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Wednesday, July 27, 2016

What would happens if the Comet Swift-Tuttle hit Our Earth?

The shooting star might be the thing that you admire as a kid, but the sky phenomenon has also become a strong warning that the Earth is not alone in the space, and the number of the space objects could become a hazard.
An artist illustration, the comet collision to the Earth. (Picture from: http://adf.ly/1cblBO)
In 1973, based on the orbit calculation of the object using limited observations, an astronomer at the Harvard-Smithsonian Center for Astrophysics named Brian Marsden predicted that the Swift-Tuttle comet will hit the Earth in the year of 2126. However, these dire predictions ultimately did not happen, but what if the comet really hit the Earth?

"We must make it clear that it will not happen," said Donald Yeomans, a senior researcher at NASA's Jet Propulsion Laboratory in Pasadena, California, and author of "Near-Earth Objects: Finding Them Before They Find Us" (Princeton University Press, 2012), as told to Live Science.

When the comet was last seen in 1992, Yeomans was making revisions models of comet movement, making complicated calculations to measure the gravitational effects of the sun and planets on the object space rocks.

Of sightings in 1992, plus the data from 1862 and 1737, showed that astronomers have enough information to find the possibility of a collision in 2126. Keep in mind, Comet Swift-Tuttle instead of the usual space rock.
Such as the Perseid meteor shower, which appeared annual in mid-August occurs when the Earth passed by a trail of debris left by comet Swift-Tuttle. (Picture from: http://adf.ly/1cbkRN)
Comet Swift-Tuttle is the greatest objects that cross the Earth, said Yeomans. The object is within 16 miles, and across the Earth every 130 years, and moving at a speed of 36 miles per second or 56 km/s.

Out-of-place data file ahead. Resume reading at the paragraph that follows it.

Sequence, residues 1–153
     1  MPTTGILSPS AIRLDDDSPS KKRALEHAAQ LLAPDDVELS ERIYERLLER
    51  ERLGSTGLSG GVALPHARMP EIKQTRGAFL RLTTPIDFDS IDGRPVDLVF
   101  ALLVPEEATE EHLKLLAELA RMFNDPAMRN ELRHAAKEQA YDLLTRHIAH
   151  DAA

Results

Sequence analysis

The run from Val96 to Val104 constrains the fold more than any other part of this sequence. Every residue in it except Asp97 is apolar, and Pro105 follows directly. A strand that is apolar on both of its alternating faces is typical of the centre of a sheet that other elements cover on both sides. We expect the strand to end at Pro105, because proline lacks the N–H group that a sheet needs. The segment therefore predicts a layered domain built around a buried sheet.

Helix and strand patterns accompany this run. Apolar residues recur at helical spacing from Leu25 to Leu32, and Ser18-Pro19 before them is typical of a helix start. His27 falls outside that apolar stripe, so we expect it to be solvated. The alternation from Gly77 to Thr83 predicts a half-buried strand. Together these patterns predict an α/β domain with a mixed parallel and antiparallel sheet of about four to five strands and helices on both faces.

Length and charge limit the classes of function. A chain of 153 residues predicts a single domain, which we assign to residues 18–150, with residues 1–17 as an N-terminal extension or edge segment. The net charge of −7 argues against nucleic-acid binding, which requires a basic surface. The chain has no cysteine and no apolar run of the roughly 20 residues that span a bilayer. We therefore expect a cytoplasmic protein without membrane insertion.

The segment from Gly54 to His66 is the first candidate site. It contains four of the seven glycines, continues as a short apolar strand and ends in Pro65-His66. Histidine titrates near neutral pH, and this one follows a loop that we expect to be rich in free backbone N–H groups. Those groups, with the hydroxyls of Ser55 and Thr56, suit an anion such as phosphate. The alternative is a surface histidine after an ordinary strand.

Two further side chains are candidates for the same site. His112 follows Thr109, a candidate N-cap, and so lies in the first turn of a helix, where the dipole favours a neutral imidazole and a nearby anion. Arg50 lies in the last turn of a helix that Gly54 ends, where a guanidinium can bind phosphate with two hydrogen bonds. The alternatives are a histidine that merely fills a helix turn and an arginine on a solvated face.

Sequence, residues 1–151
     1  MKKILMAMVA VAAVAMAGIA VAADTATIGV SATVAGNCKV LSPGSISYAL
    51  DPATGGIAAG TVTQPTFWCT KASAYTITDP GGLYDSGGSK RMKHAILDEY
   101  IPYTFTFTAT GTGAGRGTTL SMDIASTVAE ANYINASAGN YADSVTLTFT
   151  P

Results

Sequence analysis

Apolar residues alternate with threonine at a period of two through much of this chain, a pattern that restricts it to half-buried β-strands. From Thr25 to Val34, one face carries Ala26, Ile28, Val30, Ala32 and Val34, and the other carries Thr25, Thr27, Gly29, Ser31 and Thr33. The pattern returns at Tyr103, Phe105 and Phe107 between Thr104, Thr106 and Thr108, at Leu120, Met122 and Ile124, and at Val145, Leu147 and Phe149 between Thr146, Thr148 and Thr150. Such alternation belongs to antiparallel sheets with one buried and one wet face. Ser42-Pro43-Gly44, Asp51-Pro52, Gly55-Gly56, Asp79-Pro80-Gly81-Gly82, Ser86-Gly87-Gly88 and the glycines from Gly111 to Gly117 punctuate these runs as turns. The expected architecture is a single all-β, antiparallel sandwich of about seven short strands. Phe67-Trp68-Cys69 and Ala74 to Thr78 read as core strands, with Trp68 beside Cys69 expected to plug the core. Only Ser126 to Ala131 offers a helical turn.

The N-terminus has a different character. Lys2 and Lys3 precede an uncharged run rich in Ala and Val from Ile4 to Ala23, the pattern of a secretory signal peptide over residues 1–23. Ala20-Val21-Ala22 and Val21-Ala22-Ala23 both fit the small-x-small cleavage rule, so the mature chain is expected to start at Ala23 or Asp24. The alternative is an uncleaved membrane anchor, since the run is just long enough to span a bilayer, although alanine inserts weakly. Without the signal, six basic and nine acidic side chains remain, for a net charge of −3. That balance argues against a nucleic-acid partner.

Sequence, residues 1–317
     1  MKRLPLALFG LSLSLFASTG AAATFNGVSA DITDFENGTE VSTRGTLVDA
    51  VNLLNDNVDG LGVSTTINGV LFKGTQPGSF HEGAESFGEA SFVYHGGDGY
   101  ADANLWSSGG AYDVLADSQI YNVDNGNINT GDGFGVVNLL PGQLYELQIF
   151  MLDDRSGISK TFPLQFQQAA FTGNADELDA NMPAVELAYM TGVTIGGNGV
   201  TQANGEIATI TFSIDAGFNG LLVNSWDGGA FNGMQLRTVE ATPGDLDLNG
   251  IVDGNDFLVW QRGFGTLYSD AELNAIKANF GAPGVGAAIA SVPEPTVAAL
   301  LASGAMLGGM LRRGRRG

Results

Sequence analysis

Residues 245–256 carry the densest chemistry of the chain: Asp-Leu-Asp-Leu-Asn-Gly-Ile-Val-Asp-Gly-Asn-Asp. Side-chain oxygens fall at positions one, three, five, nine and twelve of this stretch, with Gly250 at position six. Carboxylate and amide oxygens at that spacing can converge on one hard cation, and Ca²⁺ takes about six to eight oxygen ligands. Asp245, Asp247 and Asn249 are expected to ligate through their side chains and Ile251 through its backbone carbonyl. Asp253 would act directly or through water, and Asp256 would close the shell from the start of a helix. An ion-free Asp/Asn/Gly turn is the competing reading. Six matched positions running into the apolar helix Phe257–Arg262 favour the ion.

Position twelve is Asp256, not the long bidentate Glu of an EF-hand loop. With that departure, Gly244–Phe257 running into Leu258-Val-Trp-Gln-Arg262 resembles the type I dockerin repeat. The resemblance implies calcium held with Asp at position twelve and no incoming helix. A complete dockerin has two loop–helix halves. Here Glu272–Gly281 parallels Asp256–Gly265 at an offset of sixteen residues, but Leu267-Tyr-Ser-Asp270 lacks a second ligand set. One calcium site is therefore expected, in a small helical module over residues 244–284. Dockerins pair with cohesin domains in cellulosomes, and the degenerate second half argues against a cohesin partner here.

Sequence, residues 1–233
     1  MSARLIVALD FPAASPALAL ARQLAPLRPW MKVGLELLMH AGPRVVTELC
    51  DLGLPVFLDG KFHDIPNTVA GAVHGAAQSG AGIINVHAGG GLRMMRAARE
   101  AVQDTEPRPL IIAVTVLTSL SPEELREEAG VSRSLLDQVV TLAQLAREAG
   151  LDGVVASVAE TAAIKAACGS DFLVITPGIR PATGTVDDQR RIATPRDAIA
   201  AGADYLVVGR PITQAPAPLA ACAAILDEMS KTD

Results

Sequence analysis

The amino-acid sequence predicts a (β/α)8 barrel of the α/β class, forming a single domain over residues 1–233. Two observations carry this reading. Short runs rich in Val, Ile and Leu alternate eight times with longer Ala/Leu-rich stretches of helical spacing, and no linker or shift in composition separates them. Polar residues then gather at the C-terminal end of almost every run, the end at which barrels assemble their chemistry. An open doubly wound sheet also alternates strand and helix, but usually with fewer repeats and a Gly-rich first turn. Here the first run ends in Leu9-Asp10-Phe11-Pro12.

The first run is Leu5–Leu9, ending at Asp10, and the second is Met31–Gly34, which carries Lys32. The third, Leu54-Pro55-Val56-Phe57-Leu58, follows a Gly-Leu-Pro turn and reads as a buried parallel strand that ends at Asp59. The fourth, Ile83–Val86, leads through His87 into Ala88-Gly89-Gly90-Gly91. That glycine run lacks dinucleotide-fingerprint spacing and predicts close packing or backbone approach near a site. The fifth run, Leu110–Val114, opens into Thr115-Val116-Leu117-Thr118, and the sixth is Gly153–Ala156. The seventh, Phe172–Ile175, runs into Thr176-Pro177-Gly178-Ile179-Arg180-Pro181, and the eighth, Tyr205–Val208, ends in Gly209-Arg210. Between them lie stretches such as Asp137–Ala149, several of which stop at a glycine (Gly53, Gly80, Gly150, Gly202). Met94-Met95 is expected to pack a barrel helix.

The Comet Swift-Tuttle, the comet was discovered by Lewis Swift on July 16 and then a few days later by Horace Parnell Tuttle on July 19, 1862. (Picture from: http://adf.ly/1cblBO)
If the comet crashing into planet, the impact energy was approximately 300 times of the asteroid hit the Earth, causing the destruction of the dinosaurs 65 million years ago. "That would be the worst days for the Earth," he said further.

But the size of the comets or asteroids not be the only thing responsible for cosmic collisions, said Gerta Keller, a geographers at the Princeton University.

The fall of the comet to land or sea may cause destruction in the surrounding area, but the real devastation comes from the gas in the stratosphere, part of the Earth's atmosphere where the ozone layer is located. Sulfur dioxide causes cooling, heat and carbon dioxide causes long term heating, added Keller. This led to drastic climate change and brings mass extinction worldwide.

Keller also explained that most of the Earth  is ocean. Effects caused able to impact on the deep sea, such as the eruption of underwater volcanoes.

Based on the Scientists calculation, the arrival of the comet Swift-Tuttle to the Earth on August 5, 2126, within a distance of 14 million miles, equivalent to 60 times the distance of Earth to the Moon. *** [EKA | FROM VARIOUS SOURCES | LIVESCIENCE]
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